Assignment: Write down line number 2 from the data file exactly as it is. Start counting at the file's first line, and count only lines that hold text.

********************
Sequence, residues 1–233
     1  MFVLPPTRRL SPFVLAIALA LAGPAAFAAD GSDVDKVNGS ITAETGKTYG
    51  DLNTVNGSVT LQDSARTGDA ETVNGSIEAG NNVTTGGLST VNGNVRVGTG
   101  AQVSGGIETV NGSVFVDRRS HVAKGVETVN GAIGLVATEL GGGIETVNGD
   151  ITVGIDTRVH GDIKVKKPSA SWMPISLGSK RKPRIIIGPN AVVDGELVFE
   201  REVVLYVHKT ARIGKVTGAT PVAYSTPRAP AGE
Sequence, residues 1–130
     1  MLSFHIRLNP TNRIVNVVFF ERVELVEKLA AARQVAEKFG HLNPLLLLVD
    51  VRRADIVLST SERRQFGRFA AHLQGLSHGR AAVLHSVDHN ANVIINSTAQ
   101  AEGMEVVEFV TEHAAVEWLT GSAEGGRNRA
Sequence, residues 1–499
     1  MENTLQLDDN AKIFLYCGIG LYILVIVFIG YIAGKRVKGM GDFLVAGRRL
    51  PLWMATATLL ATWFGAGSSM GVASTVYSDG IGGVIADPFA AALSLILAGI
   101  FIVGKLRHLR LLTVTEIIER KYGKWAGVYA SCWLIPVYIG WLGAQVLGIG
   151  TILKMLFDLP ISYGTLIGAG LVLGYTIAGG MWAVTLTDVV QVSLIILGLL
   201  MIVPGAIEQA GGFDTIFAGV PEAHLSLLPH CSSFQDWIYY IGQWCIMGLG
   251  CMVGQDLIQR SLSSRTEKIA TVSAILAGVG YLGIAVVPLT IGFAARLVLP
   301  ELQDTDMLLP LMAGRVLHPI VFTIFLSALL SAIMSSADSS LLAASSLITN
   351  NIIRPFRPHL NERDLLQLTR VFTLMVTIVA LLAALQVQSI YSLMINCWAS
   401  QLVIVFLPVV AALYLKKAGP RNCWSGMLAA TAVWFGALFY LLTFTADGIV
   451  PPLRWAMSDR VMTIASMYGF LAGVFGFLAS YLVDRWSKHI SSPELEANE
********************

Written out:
     1  MFVLPPTRRL SPFVLAIALA LAGPAAFAAD GSDVDKVNGS ITAETGKTYG